International Psychogeriatrics

Research Article

Detection of depression in older adults by family and friends: distinguishing mood disorder signals from the noise of personality and everyday life

Paul R. Dubersteina1 c1, Yan Maa1, Benjamin P. Chapmana1, Yeates Conwella1, Joanne McGriffa1, James C. Coynea2, Nathan Franusa1, Marnin J. Heisela1a3, Kimberly A. Kaukeinena1, Silvia Sörensena1, Xin M. Tua1 and Jeffrey M. Lynessa1

a1 University of Rochester Medical Center, Rochester, New York, U.S.A.

a2 University of Pennsylvania, Philadelphia, Pennsylvania, U.S.A.

a3 University of Western Ontario, Ontario, Canada


Background: The capacity of friends and family member informants to make judgments about the presence of a mood disorder history in an older primary care patient has theoretical, clinical, and public health significance. This study examined the accuracy of informant-reported mood disorder diagnoses in a sample of primary care patients aged 65 years or older. We hypothesized that the accuracy (sensitivity and specificity) of informant reports would vary with the patient's personality.

Methods: Hypotheses were tested in 191 dyads consisting of patients and their friends or relatives (informants) recruited from primary care settings. Gold-standard mood disorder diagnoses were established at consensus conferences based on a review of medical charts and data collected in a structured interview with the patient. Patients completed an assessment battery that included the NEO-Five Factor Inventory.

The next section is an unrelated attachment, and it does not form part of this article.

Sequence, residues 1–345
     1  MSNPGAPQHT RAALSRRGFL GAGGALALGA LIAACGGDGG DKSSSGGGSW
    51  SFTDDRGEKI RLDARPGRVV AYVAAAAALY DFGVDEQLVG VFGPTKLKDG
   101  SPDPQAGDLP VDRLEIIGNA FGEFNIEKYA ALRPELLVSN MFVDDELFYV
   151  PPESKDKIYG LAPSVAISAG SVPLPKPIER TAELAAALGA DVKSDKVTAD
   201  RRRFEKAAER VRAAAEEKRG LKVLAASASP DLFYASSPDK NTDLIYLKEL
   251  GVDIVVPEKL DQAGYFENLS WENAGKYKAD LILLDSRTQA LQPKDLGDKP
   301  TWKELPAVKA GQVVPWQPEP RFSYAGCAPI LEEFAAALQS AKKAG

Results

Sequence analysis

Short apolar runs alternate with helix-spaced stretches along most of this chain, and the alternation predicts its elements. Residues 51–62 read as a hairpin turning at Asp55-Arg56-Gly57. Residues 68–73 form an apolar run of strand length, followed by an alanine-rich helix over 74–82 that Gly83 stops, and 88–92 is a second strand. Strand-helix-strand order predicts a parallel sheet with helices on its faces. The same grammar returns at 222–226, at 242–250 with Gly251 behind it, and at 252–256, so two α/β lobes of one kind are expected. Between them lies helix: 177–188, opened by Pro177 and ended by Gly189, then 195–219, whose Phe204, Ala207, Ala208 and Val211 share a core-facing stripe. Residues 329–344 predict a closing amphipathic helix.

Results: Sensitivity and specificity of informant-derived mood disorder diagnoses were related to patient personality. Sensitivity of informant-derived lifetime mood disorder diagnoses was compromised by higher Extraversion and higher Agreeableness. Specificity of informant-derived lifetime mood disorder diagnoses was compromised by lower Agreeableness and higher Conscientiousness.

Conclusion: Patient personality has implications for the accuracy of mood disorder histories provided by friends and family members. Given that false negatives can have grave consequences, we recommend that practitioners be particularly vigilant when interpreting collateral information about their extraverted, agreeable patients.

(Received March 16 2010)

(Revised May 04 2010)

(Revised August 06 2010)

(Accepted August 08 2010)

(Online publication September 30 2010)


c1 Correspondence should be addressed to: Paul R. Duberstein, University of Rochester Medical Center, Box PSYCH, Department of Psychiatry, 300 Crittenden Boulevard, Rochester, NY 14642, U.S.A. Phone: +1 (585) 275-6742; Fax: +1 (585) 273-1082. Email: